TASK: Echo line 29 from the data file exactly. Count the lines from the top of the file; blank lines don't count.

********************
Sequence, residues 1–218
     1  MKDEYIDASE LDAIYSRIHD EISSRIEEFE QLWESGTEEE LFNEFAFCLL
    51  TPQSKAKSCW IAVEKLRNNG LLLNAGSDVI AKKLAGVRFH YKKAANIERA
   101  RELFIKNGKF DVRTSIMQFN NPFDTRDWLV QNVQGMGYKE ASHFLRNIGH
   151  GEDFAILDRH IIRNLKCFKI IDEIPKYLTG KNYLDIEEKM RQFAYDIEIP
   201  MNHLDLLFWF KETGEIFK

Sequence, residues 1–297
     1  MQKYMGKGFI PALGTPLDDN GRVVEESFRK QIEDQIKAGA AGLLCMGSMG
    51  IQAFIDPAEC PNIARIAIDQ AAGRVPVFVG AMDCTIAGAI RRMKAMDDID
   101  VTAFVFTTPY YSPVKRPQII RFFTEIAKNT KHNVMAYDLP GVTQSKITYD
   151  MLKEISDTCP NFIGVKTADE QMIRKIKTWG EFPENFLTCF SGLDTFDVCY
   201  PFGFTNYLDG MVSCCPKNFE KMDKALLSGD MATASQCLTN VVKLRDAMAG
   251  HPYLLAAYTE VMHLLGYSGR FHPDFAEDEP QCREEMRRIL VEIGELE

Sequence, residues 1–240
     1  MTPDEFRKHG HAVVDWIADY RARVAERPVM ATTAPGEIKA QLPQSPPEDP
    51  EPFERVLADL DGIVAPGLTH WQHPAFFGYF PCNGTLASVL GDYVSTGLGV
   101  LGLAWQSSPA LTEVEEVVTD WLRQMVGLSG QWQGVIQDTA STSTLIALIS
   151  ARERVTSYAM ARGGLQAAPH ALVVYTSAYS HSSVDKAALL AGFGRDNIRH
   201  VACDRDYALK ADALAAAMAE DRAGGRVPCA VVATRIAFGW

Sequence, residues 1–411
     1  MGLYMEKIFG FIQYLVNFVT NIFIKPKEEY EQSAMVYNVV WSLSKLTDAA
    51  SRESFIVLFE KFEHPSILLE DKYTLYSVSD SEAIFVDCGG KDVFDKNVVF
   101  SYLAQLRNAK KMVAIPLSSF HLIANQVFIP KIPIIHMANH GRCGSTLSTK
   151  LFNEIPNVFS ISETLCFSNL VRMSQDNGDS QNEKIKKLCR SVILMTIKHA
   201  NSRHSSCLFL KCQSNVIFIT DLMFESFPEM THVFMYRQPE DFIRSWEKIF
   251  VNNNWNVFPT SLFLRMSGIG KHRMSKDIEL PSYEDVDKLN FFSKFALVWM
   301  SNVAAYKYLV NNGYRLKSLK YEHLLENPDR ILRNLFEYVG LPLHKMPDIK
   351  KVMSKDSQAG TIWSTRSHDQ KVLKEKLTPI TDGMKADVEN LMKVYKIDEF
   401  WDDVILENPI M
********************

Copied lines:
   401  WDDVILENPI M